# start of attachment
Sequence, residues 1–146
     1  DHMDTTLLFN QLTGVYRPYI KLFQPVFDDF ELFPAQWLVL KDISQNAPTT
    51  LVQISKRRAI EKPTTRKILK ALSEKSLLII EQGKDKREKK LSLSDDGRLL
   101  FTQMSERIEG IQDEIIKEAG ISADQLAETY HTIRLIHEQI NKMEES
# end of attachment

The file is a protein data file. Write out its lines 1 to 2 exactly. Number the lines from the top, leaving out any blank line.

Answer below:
Sequence, residues 1–146
     1  DHMDTTLLFN QLTGVYRPYI KLFQPVFDDF ELFPAQWLVL KDISQNAPTT